The mayor, his wife, the girlfriend and the media

The irony that the mayor of New York, Rudy Giuliani, is an opera buff escapes no one in this metropolis of nine million and counting…

The irony that the mayor of New York, Rudy Giuliani, is an opera buff escapes no one in this metropolis of nine million and counting. In the past year, his life has been playing itself out like a Wagnerian melodrama, and the only question left was when the fat lady would sing so the curtain could come down.

This week, Giuliani's estranged wife, Donna Hanover (though svelte), finally started to sing, and the giant sucking sound that was heard from Brooklyn to the Bronx was that of New Yorkers breathing a collective sigh of relief. "Everybody felt tremendous sympathy for Donna, and many women identified with her and the betrayal she suffered, so we understood why she had to take action," says feminist writer Anne Roiphe. "It was about damn time," sniffed one fed-up New York businesswoman.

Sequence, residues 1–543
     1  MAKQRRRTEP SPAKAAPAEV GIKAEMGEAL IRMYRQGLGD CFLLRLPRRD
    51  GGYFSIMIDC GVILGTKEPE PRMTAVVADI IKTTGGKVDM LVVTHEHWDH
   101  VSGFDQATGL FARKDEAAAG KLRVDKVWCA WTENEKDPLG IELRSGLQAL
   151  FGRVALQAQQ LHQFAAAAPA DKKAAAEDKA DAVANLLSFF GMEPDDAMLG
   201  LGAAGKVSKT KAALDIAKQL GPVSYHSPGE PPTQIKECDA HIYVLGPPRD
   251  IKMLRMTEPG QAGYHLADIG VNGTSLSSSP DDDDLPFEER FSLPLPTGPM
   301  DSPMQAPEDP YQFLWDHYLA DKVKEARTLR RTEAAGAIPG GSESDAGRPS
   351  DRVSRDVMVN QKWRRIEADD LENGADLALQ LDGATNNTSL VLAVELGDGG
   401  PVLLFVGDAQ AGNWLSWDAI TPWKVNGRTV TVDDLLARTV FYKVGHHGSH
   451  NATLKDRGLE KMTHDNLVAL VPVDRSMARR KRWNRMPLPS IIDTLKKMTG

In 1983, when the future mayor and first lady of New York married, friends described the pairing of the dashing district attorney and the TV news reporter as a modern-day fairytale. (Both previous marriages had ended in divorce.) Hanover herself said Giuliani swept her off her feet. In fact, once he became mayor (in 1993), he would prove highly adept at sweeping women off their feet, among them his press secretary, and more recently Judi Nathan, a drug company sales representative.